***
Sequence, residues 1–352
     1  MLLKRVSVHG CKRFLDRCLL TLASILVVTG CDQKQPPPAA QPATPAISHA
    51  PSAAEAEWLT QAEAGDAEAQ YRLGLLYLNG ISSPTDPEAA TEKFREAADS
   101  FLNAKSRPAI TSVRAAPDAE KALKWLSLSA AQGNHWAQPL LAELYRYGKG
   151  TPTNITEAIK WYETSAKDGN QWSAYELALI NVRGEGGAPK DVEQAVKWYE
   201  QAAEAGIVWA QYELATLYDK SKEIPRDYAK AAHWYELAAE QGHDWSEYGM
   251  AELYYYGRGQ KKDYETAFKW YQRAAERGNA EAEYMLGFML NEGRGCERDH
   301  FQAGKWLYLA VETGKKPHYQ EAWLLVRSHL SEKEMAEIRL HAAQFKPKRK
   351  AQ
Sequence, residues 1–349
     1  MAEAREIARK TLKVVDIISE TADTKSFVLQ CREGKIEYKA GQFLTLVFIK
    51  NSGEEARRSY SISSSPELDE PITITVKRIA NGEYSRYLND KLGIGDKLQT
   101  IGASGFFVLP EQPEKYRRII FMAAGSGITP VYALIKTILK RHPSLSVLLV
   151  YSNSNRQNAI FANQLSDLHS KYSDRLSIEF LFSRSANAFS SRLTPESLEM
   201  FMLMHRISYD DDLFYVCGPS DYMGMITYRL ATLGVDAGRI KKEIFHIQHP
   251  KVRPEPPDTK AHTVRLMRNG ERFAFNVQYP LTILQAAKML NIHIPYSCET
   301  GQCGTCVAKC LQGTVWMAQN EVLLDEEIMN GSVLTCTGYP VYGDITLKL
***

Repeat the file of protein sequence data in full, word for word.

Sequence, residues 1–352
     1  MLLKRVSVHG CKRFLDRCLL TLASILVVTG CDQKQPPPAA QPATPAISHA
    51  PSAAEAEWLT QAEAGDAEAQ YRLGLLYLNG ISSPTDPEAA TEKFREAADS
   101  FLNAKSRPAI TSVRAAPDAE KALKWLSLSA AQGNHWAQPL LAELYRYGKG
   151  TPTNITEAIK WYETSAKDGN QWSAYELALI NVRGEGGAPK DVEQAVKWYE
   201  QAAEAGIVWA QYELATLYDK SKEIPRDYAK AAHWYELAAE QGHDWSEYGM
   251  AELYYYGRGQ KKDYETAFKW YQRAAERGNA EAEYMLGFML NEGRGCERDH
   301  FQAGKWLYLA VETGKKPHYQ EAWLLVRSHL SEKEMAEIRL HAAQFKPKRK
   351  AQ
Sequence, residues 1–349
     1  MAEAREIARK TLKVVDIISE TADTKSFVLQ CREGKIEYKA GQFLTLVFIK
    51  NSGEEARRSY SISSSPELDE PITITVKRIA NGEYSRYLND KLGIGDKLQT
   101  IGASGFFVLP EQPEKYRRII FMAAGSGITP VYALIKTILK RHPSLSVLLV
   151  YSNSNRQNAI FANQLSDLHS KYSDRLSIEF LFSRSANAFS SRLTPESLEM
   201  FMLMHRISYD DDLFYVCGPS DYMGMITYRL ATLGVDAGRI KKEIFHIQHP
   251  KVRPEPPDTK AHTVRLMRNG ERFAFNVQYP LTILQAAKML NIHIPYSCET
   301  GQCGTCVAKC LQGTVWMAQN EVLLDEEIMN GSVLTCTGYP VYGDITLKL